So, even with some risk, reporting adds value and first-time reports hold a special significance for reporters, report users and me. I love first-timers. There is something about the special efforts necessary to deliver a first-time report and starting to flex those transparency muscles. I believe this starts to transform the internal conversation in any company, and eventually transforms the external dialogue too (as it has done at Dollar Tree Inc.). So many first-time decisions challenge any company that's reporting for the first time that it's a bit like navigating a minefield. And almost as risky.

As you all know by now, I generally tend to be a little critical when looking at reports so here's my upfront disclaimer. Every first report is a commendable venture into accountability and transparency and the start of what is hopefully a meaningful reporting journey for any company and its stakeholders. As a reporting consultant for hundreds of years now working with many companies, I can testify to the fact that no report is easy and every first report double-proves it. Before we go any further, I say: CONGRATS to ALL first-time reporters ever - you all deserve a triple scoop. Good luck to all those first-timers planning to break through the transparency barrier in 2017. (Remember, help is at hand - you don't need to go it alone :-)).

In looking at any report, including first-timers, it's important to consider that the overarching purpose of any Sustainability Report is to build trust. If it doesn't do that, heck, you're wasting your time. I've been taking a look at first-timers - it's always fun - to see how this is working. There are probably a thousand ways in which reports build trust, but, in order to help me apply a consistent approach when looking at first-timers from around the world, I  selected ten basic aspects of a first-time Sustainability Report that, for me, help build trust. These aspects do not carry equal weighting and they are far from scientific. These elements contribute to building any report's TF (Trust Factor) in my personal and subjective view. In sharing my thoughts, as always, my goal is to encourage reporting, in the hope that first timers will become second and third timers. My intention is not to be overly critical, but in some cases, forgive me if I can't help myself!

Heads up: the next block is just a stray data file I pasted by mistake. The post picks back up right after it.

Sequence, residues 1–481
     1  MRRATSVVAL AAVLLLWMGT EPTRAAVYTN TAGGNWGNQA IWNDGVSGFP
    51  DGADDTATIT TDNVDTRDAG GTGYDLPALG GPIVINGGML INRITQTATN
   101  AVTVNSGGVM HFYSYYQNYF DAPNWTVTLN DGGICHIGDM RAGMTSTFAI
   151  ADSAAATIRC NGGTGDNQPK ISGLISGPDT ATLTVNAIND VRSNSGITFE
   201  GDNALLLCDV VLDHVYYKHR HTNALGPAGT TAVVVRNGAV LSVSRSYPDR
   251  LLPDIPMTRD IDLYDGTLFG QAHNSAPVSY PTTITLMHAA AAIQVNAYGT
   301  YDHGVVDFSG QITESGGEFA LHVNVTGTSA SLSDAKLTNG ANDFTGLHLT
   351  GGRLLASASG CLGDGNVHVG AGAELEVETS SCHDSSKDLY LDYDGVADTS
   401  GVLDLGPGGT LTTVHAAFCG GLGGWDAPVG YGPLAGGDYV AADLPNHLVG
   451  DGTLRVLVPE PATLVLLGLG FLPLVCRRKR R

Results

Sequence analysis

Here are the ten TF (Trust Factor) elements I  consider in my series of first-timer report reviews:
  • The CEO Statement: Must be meaningful, relevant and authentic, not just some generic any-company rhetoric about "how proud we are of what we have achieved but there is more to be done". 
  • Material focus: Must state the most important sustainability impacts and provide relevant disclosures. Oh, and that doesn't mean a list of material topics somewhere at the beginning of  the report, and no further reference to materiality. It means using materiality to frame the content of the report.